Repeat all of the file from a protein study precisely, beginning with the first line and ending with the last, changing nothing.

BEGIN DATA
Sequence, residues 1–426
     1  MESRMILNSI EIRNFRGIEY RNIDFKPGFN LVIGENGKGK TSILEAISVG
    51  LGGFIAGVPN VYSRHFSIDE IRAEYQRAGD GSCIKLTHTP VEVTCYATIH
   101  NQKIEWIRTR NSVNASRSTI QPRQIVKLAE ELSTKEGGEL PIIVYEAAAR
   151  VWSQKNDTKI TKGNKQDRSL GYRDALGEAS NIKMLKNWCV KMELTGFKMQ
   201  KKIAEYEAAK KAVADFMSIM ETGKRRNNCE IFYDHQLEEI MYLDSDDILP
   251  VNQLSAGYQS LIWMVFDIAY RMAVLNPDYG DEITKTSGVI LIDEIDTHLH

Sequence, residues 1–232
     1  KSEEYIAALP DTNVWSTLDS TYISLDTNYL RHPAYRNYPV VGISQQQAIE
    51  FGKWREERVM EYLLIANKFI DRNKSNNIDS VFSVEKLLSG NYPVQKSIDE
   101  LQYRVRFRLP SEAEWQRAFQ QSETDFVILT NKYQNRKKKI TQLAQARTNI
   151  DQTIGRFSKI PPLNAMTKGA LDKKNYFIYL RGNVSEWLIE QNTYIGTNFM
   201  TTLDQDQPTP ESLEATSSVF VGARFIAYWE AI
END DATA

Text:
Sequence, residues 1–426
     1  MESRMILNSI EIRNFRGIEY RNIDFKPGFN LVIGENGKGK TSILEAISVG
    51  LGGFIAGVPN VYSRHFSIDE IRAEYQRAGD GSCIKLTHTP VEVTCYATIH
   101  NQKIEWIRTR NSVNASRSTI QPRQIVKLAE ELSTKEGGEL PIIVYEAAAR
   151  VWSQKNDTKI TKGNKQDRSL GYRDALGEAS NIKMLKNWCV KMELTGFKMQ
   201  KKIAEYEAAK KAVADFMSIM ETGKRRNNCE IFYDHQLEEI MYLDSDDILP
   251  VNQLSAGYQS LIWMVFDIAY RMAVLNPDYG DEITKTSGVI LIDEIDTHLH

Sequence, residues 1–232
     1  KSEEYIAALP DTNVWSTLDS TYISLDTNYL RHPAYRNYPV VGISQQQAIE
    51  FGKWREERVM EYLLIANKFI DRNKSNNIDS VFSVEKLLSG NYPVQKSIDE
   101  LQYRVRFRLP SEAEWQRAFQ QSETDFVILT NKYQNRKKKI TQLAQARTNI
   151  DQTIGRFSKI PPLNAMTKGA LDKKNYFIYL RGNVSEWLIE QNTYIGTNFM
   201  TTLDQDQPTP ESLEATSSVF VGARFIAYWE AI